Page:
Last week, President Donald Trump tapped Sam Clovis as his pick to lead the U.S. Department of Agriculture’s Research, Education and Economics division. Pending Senate confirmation, Clovis would oversee scientific research at the agency.
Clovis is a former economics professor at Morningside College in Sioux City, Iowa. His career in politics includes an unsuccessful bid for U.S. Senate in 2014 and serving as an early adviser on Trump’s presidential campaign. He is perhaps best known, however, as the host of talk radio program “Impact with Sam Clovis” in the conservative stronghold of western Iowa.
Clovis’ nomination immediately came under fire from both the scientific community and the LGBTQ community.
Catherine Woteki, the former undersecretary for research, education and economics in the Obama administration, stated that Clovis’ lack of scientific credentials makes him unfit for the position, one that she said necessitates scientific understanding.
“This position is the chief scientist of the Department of Agriculture. It should be a person who evaluates the scientific body of evidence and moves appropriately from there,” Woteki told ProPublica.
As a radio host and political aspirant, Clovis has also established himself as fervently anti-LGBTQ. In public forums, Clovis has rejected civil rights protections for gays and lesbians on the grounds that homosexuality is a “choice” or an alterable “behavior.”
“We are being asked to provide Constitutional protections for a behavior — a choice of behavior as opposed to a primary characteristic,” such as age, race or disability, Clovis said in a video interview posted to YouTube.
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In the video, Clovis — nominated to oversee scientific research for the U.S. government — states, “I don’t know what the science is on this,” but “as far as we know that’s a choice that they make.” During the same interview, Clovis goes on to make a “slippery slope” argument, stating, “If we protect LGBT behavior, what other behaviors are we going to protect? Are we going to protect pedophilia?”
In an op-ed for The Iowa Republican, Clovis fervently defends “traditional marriage” from attacks by the LGBTQ movement, the media and “hip” Republicans. His opposition rests on the claim that same-sex marriage undermines the 14th Amendment and exposes proponents of “religious freedom” — such as himself — to charges of “hate speech.”
“Dismantling marriage is one of the dual goals of this whole progressive effort. If the gay rights movement can get marriage redefined, then there will be further inroads made to undermine one of the pillars of American strength,” Clovis wrote in the op-ed. "The traditional family is about procreation, education, socialization and religious familiarization, that institution serves as a direct threat to the progressive movement’s aim of ridding society of God."
The Human Rights Campaign (HRC), one of the largest LGBTQ advocacy groups in the U.S., was among the organizations to denounce Clovis’ nomination.
“Sam Clovis has opposed equality for LGBTQ people at practically every turn, including questioning the scientific consensus around what it means to be LGBTQ,” HRC Government Affairs Director David Stacy told NBC News.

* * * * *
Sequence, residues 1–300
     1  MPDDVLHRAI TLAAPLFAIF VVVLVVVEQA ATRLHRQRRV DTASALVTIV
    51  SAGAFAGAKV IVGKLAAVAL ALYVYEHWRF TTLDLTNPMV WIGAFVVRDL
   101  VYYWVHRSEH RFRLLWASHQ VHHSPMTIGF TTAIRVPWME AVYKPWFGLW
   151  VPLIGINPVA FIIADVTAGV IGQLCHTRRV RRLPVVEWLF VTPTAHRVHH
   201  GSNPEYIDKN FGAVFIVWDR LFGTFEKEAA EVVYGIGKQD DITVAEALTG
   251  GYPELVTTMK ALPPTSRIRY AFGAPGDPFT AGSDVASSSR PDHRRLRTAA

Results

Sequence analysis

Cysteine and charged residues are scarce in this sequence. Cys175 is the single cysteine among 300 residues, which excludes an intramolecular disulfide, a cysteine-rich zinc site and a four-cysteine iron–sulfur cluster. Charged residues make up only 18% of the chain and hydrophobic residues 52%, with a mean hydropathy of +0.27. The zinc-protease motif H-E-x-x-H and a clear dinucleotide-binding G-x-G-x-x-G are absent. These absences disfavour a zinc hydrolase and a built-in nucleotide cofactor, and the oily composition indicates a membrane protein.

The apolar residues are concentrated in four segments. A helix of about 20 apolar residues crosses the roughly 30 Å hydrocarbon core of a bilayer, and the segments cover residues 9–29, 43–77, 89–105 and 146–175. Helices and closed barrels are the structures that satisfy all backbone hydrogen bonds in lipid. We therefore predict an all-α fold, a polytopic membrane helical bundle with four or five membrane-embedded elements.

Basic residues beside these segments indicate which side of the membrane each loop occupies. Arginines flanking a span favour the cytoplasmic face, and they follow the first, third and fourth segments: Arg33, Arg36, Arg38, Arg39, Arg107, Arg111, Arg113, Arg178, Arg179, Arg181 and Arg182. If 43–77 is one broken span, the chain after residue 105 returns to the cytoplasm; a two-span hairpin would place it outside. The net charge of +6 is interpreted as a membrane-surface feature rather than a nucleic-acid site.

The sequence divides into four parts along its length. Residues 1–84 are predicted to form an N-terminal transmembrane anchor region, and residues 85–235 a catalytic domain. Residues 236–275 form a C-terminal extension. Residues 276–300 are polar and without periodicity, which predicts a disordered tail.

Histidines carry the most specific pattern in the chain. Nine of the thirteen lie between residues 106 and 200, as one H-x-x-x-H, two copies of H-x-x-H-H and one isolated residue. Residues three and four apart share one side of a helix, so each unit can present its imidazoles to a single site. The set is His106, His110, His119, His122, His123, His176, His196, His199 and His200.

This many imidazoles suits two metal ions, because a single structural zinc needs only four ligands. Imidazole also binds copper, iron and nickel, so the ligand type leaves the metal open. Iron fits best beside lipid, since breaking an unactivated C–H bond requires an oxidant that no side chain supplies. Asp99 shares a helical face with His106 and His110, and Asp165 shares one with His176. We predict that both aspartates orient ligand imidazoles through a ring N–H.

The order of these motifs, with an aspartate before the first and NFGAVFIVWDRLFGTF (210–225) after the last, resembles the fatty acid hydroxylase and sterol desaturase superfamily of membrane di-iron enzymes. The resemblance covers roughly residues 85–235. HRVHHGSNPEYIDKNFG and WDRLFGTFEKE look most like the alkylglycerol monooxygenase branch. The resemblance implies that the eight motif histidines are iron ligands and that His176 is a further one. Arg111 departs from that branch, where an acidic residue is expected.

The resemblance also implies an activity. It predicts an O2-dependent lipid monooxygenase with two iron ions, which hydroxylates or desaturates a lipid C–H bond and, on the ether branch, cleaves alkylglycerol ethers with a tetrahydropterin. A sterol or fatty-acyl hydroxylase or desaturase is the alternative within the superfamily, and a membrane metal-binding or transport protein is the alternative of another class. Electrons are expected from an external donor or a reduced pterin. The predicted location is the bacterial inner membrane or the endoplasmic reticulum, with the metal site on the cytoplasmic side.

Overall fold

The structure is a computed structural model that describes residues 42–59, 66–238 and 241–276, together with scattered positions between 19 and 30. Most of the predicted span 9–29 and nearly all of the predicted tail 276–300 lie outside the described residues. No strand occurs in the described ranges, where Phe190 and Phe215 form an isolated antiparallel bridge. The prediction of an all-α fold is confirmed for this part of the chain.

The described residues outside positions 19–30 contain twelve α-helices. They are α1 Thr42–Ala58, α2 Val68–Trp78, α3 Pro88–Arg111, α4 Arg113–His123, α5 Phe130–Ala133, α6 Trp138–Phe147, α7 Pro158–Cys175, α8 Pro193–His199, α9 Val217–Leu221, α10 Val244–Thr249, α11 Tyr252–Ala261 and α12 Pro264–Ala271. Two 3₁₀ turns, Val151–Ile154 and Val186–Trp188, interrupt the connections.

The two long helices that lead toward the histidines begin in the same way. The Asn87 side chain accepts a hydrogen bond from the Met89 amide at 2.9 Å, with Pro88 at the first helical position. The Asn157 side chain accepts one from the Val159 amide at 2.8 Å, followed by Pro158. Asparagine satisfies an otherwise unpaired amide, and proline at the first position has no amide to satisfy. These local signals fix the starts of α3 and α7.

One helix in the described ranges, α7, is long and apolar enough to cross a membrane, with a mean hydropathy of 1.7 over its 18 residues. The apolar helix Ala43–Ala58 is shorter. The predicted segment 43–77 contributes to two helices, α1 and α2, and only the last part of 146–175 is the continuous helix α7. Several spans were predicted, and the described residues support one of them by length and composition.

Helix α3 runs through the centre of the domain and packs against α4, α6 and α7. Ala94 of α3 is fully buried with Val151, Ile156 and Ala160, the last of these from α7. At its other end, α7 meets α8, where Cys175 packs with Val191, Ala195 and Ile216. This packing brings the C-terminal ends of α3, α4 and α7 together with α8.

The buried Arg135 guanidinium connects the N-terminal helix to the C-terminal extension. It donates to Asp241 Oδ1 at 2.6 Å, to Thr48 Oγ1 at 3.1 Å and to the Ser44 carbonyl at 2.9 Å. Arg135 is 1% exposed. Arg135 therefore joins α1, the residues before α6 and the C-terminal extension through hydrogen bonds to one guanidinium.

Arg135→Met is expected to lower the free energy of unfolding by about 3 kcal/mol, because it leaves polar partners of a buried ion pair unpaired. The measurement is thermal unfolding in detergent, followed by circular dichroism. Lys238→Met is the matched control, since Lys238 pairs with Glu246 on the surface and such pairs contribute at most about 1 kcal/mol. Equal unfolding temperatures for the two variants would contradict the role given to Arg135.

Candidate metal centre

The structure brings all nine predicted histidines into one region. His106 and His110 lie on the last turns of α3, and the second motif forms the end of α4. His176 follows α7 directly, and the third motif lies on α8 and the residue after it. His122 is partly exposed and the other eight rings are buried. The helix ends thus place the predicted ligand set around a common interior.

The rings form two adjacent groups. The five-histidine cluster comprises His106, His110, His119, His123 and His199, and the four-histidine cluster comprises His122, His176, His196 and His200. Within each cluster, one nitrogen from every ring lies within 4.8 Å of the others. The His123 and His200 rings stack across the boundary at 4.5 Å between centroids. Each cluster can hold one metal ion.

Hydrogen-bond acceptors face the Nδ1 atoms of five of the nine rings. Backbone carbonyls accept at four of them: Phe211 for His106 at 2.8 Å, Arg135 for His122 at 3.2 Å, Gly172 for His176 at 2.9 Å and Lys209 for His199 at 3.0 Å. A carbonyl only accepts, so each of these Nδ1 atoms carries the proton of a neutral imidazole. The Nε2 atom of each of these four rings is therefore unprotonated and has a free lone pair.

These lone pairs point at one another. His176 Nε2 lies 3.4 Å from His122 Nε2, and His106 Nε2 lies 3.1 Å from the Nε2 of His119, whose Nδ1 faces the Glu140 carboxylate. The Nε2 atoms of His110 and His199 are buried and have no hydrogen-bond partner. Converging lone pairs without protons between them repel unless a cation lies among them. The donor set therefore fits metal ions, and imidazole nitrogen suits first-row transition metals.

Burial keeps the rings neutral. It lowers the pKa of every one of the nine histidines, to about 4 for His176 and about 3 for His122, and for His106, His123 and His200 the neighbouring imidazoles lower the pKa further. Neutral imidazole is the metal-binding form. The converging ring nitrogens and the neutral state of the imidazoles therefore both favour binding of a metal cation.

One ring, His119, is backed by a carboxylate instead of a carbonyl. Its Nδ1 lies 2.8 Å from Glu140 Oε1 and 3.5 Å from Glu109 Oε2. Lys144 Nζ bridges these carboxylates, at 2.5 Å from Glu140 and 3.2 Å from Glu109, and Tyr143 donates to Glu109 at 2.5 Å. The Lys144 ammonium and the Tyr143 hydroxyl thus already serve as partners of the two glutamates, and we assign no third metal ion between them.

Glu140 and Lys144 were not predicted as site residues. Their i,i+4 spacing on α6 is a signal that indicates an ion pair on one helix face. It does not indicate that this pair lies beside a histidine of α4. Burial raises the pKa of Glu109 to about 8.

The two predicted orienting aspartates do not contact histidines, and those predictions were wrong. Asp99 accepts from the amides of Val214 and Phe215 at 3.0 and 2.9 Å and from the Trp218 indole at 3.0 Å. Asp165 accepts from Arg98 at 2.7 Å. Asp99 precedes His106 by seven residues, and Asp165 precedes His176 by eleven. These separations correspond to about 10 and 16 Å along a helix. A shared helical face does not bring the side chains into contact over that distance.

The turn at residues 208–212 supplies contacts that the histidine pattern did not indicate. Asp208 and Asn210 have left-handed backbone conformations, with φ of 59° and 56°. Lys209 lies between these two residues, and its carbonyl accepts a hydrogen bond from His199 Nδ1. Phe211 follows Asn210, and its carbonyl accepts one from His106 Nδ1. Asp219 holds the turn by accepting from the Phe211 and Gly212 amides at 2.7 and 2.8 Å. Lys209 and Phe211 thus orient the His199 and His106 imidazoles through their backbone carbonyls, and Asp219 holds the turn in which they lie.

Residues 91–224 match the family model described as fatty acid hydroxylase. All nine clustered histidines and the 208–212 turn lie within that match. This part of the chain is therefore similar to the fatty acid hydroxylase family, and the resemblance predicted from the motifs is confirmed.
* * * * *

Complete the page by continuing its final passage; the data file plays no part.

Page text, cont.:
“Despite his claims before the election, President Trump has proven to be no friend of the LGBTQ community,” Stacy added.
LGBTQ advocacy group GLAAD took to twitter to criticize Clovis, taking aim at both his anti-LGBTQ comments and his ability to engage in reasoned argument.
Clovis is the latest in a growing list of Trump appointees criticized by LGBTQ advocates: Attorney General Jeff Sessions, Health Secretary Tom Price and Education Secretary Betsy DeVos are among the others.
“Trump’s appointments are part of a worrying pattern of people who have made careers out of targeting LGBTQ people and specifically LGBTQ rights,” Ryan Thoreson, a fellow at Human Rights Watch, said.
Thus far, Trump appointees have taken concrete steps against LGBTQ rights. Most notably, the Department of Justice, led by Jeff Sessions, withdrew Obama-era guidelines protecting transgender students from discrimination under Title IX and intervened in civil litigation to oppose LGBTQ employment protections.
While Clovis may not oversee a department with as apparent an impact on LGBTQ rights as Sessions, Thoreson said executive branch-appointees have the power to “interpret the law,” such as Title IX of the Civil Rights Act, in light of their own views. Though sometimes seemingly obscure, these areas of law “really do affect people’s everyday lives,” he added.
As an example, Thoreson also cited small changes at the Department of Housing Urban Development (HUD) that make a big difference to LGBTQ people. Under Ben Carson, Thoreson said, “HUD ended a survey on LGBT youth homelessness, removed best practices about serving transgender people from their website, and told shelters they don’t have to put up posters telling residents they’re protected from anti-LGBT discrimination.”
“Some of the under-the-radar changes don’t make the headlines, but they make it much more likely that federal programs will leave out LGBT people, or that LGBT people who face discrimination won’t know where to turn for help,” Thoreson explained.
Trump’s history of appointments does “not give a lot of confidence to LGBTQ people that their rights will be protected,” Thoreson concluded.
The White House did not immediately respond to a request for comment.